You've probably heard alumni of Harvard and Yale sneering at each other, while wondering whether either of them really know as much as they think they do. A better question may be whether they know the right things. Thanks to the Open Syllabus project, we can now say which of these universities offers the best education. The answer is: the University of Chicago, with the University of Pennsylvania in second place.
I make this judgment based on the most-read books in their courses; obviously it doesn't measure how well the books are taught. Still, in any university much depends on the student. The University of Chicago list is short on Plato and Homer, but is overall the strongest list. The Princeton list, by contrast, contains only three books of lasting value: Thucydides, Schumpeter, and Henry Kissenger's Diplomacy. (I suppose some people would argue for Weber.) Harvard's list is likewise mostly fashionable noise, although it has a few highlights: Dr. King's letter, Machiavelli, and Rawls (though reading Rawls without Aristotle is like making a stew out of a rich marrow bone, and then just eating the bone).
Yale's list has both works of Homer's, which is good, and I thought Ralph Ellison's book was very insightful (but of interest probably chiefly to Americans). They also read Tocqueville (also especially of interest to Americans). Amazingly, you have to go all the way down the list to Columbia to get Kant; but it is to their credit that the work you then encounter is the later Metaphysics of Morals, and not the earlier and more-often read Groundwork. The latter is much more famous because it is where he lays out the overarching moral theory, including three formulations of the Categorical Imperative. But the later work offers a much richer picture of his actual moral vision. He anticipated JS Mill's harm principle, although he isn't usually credited for doing so, in his division between cases where state coercion is acceptable, and cases that are moral questions but matters for individual virtue. And it is only in the late work that you learn how completely he believed his Groundwork concepts would recreate Christian morality from the ground of pure practical reason.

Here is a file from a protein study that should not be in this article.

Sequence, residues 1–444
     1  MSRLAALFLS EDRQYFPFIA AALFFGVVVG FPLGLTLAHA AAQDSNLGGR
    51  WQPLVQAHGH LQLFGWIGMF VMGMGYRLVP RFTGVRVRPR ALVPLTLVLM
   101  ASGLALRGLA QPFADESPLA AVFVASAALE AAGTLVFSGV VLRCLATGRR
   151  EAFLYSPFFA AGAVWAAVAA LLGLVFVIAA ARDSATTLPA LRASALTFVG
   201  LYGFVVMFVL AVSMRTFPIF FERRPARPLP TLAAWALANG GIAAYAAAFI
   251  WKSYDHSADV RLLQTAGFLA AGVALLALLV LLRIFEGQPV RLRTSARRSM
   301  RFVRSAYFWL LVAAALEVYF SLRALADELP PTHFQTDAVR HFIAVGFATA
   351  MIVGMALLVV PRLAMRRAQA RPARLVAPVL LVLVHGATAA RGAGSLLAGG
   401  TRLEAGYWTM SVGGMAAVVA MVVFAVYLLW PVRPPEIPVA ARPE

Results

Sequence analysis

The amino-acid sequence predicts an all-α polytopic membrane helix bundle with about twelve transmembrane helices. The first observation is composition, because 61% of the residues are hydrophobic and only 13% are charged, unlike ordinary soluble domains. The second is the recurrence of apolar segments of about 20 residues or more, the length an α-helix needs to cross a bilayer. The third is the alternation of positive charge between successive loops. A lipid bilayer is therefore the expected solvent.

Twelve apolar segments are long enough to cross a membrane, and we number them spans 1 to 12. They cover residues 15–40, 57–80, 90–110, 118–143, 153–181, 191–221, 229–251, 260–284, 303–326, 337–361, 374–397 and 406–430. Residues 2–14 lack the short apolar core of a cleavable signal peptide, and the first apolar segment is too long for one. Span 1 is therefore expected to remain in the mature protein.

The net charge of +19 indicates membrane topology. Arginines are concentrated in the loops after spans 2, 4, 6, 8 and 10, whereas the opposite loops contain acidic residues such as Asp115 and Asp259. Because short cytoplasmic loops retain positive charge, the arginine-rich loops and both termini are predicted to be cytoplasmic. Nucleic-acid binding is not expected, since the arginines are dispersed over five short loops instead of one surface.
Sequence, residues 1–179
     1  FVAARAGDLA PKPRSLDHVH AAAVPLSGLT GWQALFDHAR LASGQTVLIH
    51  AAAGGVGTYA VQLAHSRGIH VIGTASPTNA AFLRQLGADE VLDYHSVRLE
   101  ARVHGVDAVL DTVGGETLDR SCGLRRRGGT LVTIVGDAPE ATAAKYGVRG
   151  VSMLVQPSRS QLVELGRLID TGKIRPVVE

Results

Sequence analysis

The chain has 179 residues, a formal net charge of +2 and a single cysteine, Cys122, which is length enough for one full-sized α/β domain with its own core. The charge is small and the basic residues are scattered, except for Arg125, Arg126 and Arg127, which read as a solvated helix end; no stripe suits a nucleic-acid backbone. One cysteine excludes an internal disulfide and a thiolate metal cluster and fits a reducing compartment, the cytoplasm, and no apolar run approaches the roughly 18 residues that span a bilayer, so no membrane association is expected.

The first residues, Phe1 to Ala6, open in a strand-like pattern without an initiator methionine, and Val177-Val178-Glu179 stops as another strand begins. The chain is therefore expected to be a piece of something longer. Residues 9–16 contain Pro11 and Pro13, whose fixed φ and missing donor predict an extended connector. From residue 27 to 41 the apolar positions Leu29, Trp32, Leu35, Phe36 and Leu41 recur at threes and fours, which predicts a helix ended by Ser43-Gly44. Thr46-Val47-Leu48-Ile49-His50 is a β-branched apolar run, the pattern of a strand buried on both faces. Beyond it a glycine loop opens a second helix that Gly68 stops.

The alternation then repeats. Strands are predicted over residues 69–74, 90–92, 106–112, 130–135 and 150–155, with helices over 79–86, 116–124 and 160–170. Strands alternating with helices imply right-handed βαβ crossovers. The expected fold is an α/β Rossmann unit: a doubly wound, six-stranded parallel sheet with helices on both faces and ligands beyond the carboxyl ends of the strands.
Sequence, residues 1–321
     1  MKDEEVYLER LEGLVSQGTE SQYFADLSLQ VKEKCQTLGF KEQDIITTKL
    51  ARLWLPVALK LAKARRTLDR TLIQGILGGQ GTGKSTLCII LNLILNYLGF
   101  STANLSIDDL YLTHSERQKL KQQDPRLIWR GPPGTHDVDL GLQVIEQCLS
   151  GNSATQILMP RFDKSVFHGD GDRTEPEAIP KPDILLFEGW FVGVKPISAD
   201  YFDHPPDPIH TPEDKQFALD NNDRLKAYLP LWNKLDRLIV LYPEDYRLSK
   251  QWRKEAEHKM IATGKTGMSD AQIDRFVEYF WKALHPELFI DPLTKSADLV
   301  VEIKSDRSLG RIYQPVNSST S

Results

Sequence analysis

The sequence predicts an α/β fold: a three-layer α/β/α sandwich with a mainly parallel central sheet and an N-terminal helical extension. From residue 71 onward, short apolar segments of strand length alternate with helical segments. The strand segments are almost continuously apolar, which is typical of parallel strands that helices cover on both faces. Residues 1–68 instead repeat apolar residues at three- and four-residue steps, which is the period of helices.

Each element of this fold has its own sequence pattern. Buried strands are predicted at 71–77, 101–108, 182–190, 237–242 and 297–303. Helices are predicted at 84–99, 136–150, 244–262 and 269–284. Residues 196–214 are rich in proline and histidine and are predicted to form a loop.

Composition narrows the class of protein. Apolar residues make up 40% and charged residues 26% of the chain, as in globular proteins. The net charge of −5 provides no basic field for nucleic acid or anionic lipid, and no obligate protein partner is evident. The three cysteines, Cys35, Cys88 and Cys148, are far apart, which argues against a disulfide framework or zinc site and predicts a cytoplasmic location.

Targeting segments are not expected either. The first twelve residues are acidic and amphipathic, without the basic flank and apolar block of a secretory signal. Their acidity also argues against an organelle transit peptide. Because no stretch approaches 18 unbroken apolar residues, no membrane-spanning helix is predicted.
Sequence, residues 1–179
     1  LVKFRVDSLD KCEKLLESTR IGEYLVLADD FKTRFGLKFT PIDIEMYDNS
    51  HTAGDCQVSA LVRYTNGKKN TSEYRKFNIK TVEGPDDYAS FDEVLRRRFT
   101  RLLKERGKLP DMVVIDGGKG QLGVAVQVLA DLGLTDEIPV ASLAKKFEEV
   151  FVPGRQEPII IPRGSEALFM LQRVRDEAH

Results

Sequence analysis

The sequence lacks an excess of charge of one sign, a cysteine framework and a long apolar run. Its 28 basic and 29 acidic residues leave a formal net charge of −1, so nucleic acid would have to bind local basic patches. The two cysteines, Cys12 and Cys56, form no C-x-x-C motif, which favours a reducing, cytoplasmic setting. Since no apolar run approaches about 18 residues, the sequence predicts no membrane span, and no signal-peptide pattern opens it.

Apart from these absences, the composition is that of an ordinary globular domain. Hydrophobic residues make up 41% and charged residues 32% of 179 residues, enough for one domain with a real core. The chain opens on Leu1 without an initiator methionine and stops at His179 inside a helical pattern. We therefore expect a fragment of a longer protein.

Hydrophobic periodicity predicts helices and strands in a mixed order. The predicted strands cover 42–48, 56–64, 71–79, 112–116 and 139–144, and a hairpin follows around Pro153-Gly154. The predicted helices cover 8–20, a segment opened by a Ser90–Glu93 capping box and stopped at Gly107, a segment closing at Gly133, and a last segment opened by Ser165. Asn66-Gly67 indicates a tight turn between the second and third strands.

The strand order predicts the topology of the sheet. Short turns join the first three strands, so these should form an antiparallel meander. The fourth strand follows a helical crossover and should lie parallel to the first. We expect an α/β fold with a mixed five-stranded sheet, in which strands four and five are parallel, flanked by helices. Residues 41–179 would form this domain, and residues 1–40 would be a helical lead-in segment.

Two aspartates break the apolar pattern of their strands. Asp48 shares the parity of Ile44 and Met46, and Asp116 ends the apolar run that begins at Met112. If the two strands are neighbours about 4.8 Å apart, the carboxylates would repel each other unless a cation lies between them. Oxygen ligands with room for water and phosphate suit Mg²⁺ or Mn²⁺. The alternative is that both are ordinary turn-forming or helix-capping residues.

The University of Chicago, however, gives first place to Aristotle -- the top two places are for Aristotle's Ethics, most likely always the Nicomachean Ethics but possibly occasionally the less-read Eudemian Ethics. They also read Kant's late work, St. Augustine, and both famous works of Machiavelli. (His Art of War is of no interest except for students of period warfare, as he has largely dramatized Vegetius with very few updates, none of which turn out to be of universal or lasting value).
The University of Pennsylvania is not as philosophically strong, but does include several excellent dramatic approaches to understanding life. Chaucer, Joseph Conrad, Jane Austen, Sophocles, and Benjamin Franklin join Plato there, not rising to inclusion on the most read lists anywhere else. It's a good list, and marks a different approach but a valid one.